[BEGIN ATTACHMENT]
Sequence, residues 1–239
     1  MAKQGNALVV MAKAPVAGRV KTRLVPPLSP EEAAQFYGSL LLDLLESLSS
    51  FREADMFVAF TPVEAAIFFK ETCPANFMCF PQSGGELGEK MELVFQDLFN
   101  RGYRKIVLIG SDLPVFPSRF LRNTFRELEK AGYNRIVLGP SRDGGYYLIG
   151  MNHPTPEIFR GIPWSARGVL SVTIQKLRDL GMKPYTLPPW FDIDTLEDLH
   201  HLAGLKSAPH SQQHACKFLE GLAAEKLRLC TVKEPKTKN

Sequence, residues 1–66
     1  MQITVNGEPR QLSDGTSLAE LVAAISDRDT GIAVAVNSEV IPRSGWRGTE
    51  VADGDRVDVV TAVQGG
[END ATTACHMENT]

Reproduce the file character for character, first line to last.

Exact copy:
Sequence, residues 1–239
     1  MAKQGNALVV MAKAPVAGRV KTRLVPPLSP EEAAQFYGSL LLDLLESLSS
    51  FREADMFVAF TPVEAAIFFK ETCPANFMCF PQSGGELGEK MELVFQDLFN
   101  RGYRKIVLIG SDLPVFPSRF LRNTFRELEK AGYNRIVLGP SRDGGYYLIG
   151  MNHPTPEIFR GIPWSARGVL SVTIQKLRDL GMKPYTLPPW FDIDTLEDLH
   201  HLAGLKSAPH SQQHACKFLE GLAAEKLRLC TVKEPKTKN

Sequence, residues 1–66
     1  MQITVNGEPR QLSDGTSLAE LVAAISDRDT GIAVAVNSEV IPRSGWRGTE
    51  VADGDRVDVV TAVQGG